Employers Don’t Communicate The Nominations Process Effectively 

Another communication blunder occurs when employees don't understand how the nomination process works. For example, they may not be aware of a specific deadline or fail to attach crucial evidence to the nomination, meaning their submission is never processed.

Employers Don’t Offer Sufficient Recognition Categories

A limited range of recognition categories can significantly curb the potential of your nomination program and fail to acknowledge the individual contributions that drive the organization forward. When there aren't enough categories, some employees' accomplishments or unique skill sets are likely overlooked.

Nominations Can Overemphasize Seniority 

Some awards programs disproportionately favor senior employees or those with longer tenure, which can demotivate younger or newer team members. An effective nomination process should encourage peers to put each other's names forward as early as onboarding, regardless of their position or experience. Doing so opens up a level playing field for all employees to be recognized and celebrated for their contributions, helping to build a more inclusive and cohesive workplace culture.

Nominations can overemphasize seniority

13 Tips For Using Employee Nominations To Enhance Your Awards 

Companies can overcome all the above hurdles with some careful planning. Here are 13 tips for success when you implement your employee nominations program.

1. Define Clear Criteria For Giving Nominations

Can employees nominate their work besties for being a shoulder to cry on or telling side-splitting jokes in meetings? Leaders must establish clear and specific criteria for nominations to understand the qualities, behaviors, or achievements that are eligible for recognition and ensure they align with the organization's values and objectives.

Nectar Tip: You might use a hashtag system to add a company core value, such as #integrity, #resilience, or #passion, to your nomination to make this clear.

2. Ensure Your Nomination Process Is Transparent 

Your employees need to know they're working in a democracy when they cast their vote. Help them believe in your process by outlining precisely what happens when they call out a peer for their excellence. Transparency encourages active participation by:

  • Communicating nomination and award criteria 
  • Describing the selection process 
  • Detailing any associated rewards to employees

Jones Logistics is a shining example of an organization that does this well. In a company blog post, JoLo clarifies exactly how employees are nominated and elected as the winner of the JoLo BoLo (Be on the Lookout) quarterly employee nomination-based program. 

“Employees nominate their peers for exemplifying our company core values: integrity, passion, unity, sustainability, and humility. A committee of employees from various sectors of JoLo then vote on a winner.”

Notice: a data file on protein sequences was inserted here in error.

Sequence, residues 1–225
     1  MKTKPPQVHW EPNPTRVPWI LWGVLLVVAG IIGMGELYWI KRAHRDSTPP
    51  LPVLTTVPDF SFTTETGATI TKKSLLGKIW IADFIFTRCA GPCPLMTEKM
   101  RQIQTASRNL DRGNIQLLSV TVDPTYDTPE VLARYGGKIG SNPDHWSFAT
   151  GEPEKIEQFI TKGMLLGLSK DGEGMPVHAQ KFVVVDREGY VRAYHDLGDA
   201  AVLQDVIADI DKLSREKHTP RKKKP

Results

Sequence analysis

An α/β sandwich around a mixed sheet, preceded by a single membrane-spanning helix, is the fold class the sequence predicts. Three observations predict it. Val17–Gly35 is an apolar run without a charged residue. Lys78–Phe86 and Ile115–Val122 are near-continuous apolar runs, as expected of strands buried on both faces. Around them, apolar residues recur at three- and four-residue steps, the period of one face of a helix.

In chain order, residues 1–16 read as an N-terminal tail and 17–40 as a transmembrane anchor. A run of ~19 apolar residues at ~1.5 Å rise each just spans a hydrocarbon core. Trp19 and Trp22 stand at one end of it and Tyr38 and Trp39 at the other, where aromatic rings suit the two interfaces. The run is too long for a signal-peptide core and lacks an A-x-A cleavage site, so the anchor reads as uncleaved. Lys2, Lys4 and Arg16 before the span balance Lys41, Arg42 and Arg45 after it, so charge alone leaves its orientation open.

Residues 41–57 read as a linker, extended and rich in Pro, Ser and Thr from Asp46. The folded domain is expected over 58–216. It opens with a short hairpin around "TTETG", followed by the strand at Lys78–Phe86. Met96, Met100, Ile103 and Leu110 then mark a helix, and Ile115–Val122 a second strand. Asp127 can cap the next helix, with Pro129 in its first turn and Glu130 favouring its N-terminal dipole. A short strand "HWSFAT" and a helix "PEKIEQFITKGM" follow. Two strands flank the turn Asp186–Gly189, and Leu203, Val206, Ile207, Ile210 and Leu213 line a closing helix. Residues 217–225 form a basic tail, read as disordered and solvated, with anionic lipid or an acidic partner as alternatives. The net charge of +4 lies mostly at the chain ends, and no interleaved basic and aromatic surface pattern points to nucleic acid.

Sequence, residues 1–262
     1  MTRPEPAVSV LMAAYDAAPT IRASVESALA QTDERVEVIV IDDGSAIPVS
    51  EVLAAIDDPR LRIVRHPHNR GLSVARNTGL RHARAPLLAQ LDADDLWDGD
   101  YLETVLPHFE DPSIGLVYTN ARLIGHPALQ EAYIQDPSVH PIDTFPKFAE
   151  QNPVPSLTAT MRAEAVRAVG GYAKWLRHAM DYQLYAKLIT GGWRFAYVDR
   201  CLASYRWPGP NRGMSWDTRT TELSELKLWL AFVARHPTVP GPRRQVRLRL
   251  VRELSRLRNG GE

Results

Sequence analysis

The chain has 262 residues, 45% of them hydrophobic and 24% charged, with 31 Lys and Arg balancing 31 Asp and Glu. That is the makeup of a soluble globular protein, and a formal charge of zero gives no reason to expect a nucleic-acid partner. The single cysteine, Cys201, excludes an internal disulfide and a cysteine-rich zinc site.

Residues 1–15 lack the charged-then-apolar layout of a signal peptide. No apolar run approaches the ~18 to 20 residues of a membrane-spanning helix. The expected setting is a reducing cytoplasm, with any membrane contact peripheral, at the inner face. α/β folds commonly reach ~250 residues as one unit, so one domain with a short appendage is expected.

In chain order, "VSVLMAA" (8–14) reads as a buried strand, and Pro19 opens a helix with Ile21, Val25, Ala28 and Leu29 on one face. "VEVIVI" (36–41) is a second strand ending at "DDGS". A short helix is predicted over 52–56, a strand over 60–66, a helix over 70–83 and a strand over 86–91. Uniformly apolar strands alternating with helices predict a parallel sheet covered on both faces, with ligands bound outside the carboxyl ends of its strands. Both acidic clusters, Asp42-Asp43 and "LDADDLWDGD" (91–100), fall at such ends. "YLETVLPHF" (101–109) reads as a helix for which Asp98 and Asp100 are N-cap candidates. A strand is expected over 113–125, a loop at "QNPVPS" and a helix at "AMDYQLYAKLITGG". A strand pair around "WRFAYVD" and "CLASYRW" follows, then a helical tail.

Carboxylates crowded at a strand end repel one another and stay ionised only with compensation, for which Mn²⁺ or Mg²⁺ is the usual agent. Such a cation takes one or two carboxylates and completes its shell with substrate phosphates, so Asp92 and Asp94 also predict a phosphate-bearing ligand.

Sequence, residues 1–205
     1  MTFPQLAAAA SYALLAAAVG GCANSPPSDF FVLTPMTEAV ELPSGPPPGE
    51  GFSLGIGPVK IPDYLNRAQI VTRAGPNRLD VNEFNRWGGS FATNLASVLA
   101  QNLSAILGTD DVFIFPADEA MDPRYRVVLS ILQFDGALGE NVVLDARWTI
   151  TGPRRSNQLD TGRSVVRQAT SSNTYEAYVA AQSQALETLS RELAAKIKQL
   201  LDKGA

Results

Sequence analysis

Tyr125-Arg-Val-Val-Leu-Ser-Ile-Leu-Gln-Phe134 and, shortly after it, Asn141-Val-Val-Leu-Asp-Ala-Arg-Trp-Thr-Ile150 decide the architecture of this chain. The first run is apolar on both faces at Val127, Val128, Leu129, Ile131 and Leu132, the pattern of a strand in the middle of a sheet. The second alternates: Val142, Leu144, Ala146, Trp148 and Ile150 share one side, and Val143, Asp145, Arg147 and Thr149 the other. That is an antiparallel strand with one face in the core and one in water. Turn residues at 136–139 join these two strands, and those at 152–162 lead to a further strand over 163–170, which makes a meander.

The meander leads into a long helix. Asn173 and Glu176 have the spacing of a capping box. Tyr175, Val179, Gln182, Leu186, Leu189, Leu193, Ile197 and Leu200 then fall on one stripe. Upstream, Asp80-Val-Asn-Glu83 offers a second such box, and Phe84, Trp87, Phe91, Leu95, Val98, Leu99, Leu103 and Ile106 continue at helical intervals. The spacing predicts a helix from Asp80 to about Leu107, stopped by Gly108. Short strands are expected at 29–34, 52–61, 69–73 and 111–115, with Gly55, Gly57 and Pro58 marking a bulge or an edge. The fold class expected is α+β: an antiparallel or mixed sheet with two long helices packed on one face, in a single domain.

Jones Logistics employee nominated awards

3. Demonstrate Gratitude

In a recent Nectar survey, 63% of the employees we surveyed wished that their colleagues told them "thank you" more.

Encourage your employees and leaders to go into detail about the people they’re nominating. People want to know why you've picked them, so this is a chance to demonstrate genuine gratitude to the nominee and explain why you recognize their contributions.

4. Encourage Peer Nominations 

Receiving a nomination from a manager certainly has an impact. Nectar’s employee survey revealed that 40% of employees rank managers as the group that has the most impact on them when they deliver recognition. This is greater than the 28% who feel most motivated by peer feedback. Nevertheless, you can maximize the impact of your awards and recognition program by inviting nominations from both categories. Peer nominations are valuable as they often carry significant weight across a team, enhancing the sense of camaraderie and collaboration within the organization.

So, whether you praise Joan in accounts for her ability to lift the team's spirits or Tom in marketing for his consistency, it might mean more coming from their peers than you realize.

5. Set Your Nomination Frequency 

Can there be too much of a good thing when it comes to employee nominations? Frequent recognition for our work is linked with high employee morale, and our Nectar statistics reveal that 98% of people who receive daily recognition feel valued by their employer for their continued interest and involvement in their work.

Yet, daily awards ceremonies would probably be overkill for many organizations—they are hard to implement and maintain interest in. Our study reveals that weekly or monthly recognition most impacts employee value, which is worth considering when pitching your nomination frequency.